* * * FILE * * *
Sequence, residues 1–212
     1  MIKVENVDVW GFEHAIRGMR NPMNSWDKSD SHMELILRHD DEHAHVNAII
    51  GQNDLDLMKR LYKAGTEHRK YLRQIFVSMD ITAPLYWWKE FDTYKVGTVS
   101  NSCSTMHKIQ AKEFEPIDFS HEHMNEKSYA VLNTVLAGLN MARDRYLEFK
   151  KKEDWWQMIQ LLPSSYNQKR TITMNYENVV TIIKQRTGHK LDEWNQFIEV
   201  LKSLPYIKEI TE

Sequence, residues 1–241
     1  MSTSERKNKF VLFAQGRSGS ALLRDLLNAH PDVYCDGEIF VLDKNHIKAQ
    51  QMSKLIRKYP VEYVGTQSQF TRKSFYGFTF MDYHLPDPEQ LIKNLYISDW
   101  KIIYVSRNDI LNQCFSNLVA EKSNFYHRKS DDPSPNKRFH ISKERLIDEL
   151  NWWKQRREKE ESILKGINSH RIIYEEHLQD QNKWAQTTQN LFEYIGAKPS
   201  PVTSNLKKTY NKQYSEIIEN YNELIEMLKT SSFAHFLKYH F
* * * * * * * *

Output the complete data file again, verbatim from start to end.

Sequence, residues 1–212
     1  MIKVENVDVW GFEHAIRGMR NPMNSWDKSD SHMELILRHD DEHAHVNAII
    51  GQNDLDLMKR LYKAGTEHRK YLRQIFVSMD ITAPLYWWKE FDTYKVGTVS
   101  NSCSTMHKIQ AKEFEPIDFS HEHMNEKSYA VLNTVLAGLN MARDRYLEFK
   151  KKEDWWQMIQ LLPSSYNQKR TITMNYENVV TIIKQRTGHK LDEWNQFIEV
   201  LKSLPYIKEI TE

Sequence, residues 1–241
     1  MSTSERKNKF VLFAQGRSGS ALLRDLLNAH PDVYCDGEIF VLDKNHIKAQ
    51  QMSKLIRKYP VEYVGTQSQF TRKSFYGFTF MDYHLPDPEQ LIKNLYISDW
   101  KIIYVSRNDI LNQCFSNLVA EKSNFYHRKS DDPSPNKRFH ISKERLIDEL
   151  NWWKQRREKE ESILKGINSH RIIYEEHLQD QNKWAQTTQN LFEYIGAKPS
   201  PVTSNLKKTY NKQYSEIIEN YNELIEMLKT SSFAHFLKYH F